What did global warming have to do with the recent catastrophic tsunami in the Indian Ocean? Not a damn thing.
Global warming is an atmospheric phenomenon caused by a buildup of airborne greenhouse gases, and though it's expected to increase the frequency and severity of any number of natural disasters, earthquakes -- which are triggered by shifting tectonic plates -- are not among them. In fact, Muckraker could not find one creditable (or, hell, even noncreditable) scientist or environmentalist claiming a causal relationship between climate change and the tsunami.
But you wouldn't know that from listening to the global-warming skeptics who see green conspiracies everywhere they look.
"I am appalled that environmentalists are trying to ride on the backs of 160,000 dead people to push their global-warming agenda without any factual basis," Pat Michaels told Muckraker. This Cato Institute scholar and author of "Meltdown: The Predictable Distortion of Global Warming by Scientists, Politicians, and the Media" made similarly bizarre comments in a press release he put out at the end of December. Myron Ebell of the Competitive Enterprise Institute and other right-wing flat-earthers have echoed his accusations.
These unfounded rumors have even spread Down Under. "The earthquake and tsunami apparently had something to do with global warming, environmentalists say, caused of course by greedy American motorists," wrote Gerard Baker in his column for the Australian on Dec. 31.
Without so much as a trace of irony, Michaels referenced Michael Crichton's new thriller "State of Fear" in his criticisms against green activists. "It's just as Crichton describes it: Global warming ambulance-chasers often assume things to be true that simply are not," he said, unconcerned that he was referencing a work of conspiracy fiction. "This tsunami reaction is a perfect example of this phenomenon."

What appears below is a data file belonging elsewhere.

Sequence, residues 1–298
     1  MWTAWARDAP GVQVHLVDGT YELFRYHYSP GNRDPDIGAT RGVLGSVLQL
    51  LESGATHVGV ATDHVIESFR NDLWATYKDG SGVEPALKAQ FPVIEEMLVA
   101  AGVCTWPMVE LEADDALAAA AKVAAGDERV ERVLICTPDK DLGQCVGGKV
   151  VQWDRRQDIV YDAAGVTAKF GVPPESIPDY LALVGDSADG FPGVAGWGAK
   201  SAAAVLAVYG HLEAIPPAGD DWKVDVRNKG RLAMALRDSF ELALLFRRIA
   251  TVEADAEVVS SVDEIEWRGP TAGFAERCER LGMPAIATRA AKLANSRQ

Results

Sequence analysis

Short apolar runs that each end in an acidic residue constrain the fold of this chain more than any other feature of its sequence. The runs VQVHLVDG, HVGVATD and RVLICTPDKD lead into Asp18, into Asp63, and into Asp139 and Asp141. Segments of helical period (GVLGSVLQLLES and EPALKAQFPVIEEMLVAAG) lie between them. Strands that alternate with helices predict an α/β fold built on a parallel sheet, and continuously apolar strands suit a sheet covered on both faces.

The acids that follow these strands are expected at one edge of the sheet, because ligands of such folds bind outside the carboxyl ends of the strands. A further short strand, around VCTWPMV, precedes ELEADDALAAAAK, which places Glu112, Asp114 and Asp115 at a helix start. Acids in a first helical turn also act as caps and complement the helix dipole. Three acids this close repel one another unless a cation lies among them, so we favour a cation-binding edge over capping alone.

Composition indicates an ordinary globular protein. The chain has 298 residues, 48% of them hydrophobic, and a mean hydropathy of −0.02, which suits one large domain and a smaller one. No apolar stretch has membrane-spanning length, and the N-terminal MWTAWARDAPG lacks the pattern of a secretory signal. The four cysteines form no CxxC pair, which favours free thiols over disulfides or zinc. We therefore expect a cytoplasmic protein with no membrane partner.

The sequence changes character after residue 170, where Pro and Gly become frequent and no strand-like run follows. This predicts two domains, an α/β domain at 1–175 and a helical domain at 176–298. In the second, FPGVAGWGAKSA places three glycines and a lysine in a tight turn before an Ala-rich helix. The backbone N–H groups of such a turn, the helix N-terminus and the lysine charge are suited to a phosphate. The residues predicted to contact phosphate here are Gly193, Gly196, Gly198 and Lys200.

Enviros are baffled by these charges. "I've never heard of anybody in the environmental community who thinks global warming causes earthquakes or tsunamis," said Nicole St. Clair, spokeswoman for the Natural Resources Defense Council's Climate Center. "I'm reluctant to even dignify this with a response. It's a sham."
When pressed to name an environmentalist who had claimed a causal link between global warming and the South Asian tsunami, Michaels referenced comments made by Tony Juniper, director of Friends of the Earth U.K., and Stephen Tindale, executive director of Greenpeace U.K., in a Dec. 29 article about the tsunami and other natural disasters of 2004 in the British newspaper the Independent (reprinted in Pretoria News. But while both environmental leaders were quoted remarking on an increase in natural disasters potentially related to global warming last year, neither mentioned the tsunami.
What some journalists, scientists and environmentalists have done is point out that two human-driven phenomena increase the potential havoc wreaked on coastlines by tsunamis and tropical storms: rising sea levels and a reduction of natural barriers (like coral reefs and mangrove swamps) that shelter coasts from oceanic damage. Both of these can be traced to human actions, including global warming, but have no causal relationship with tsunamis.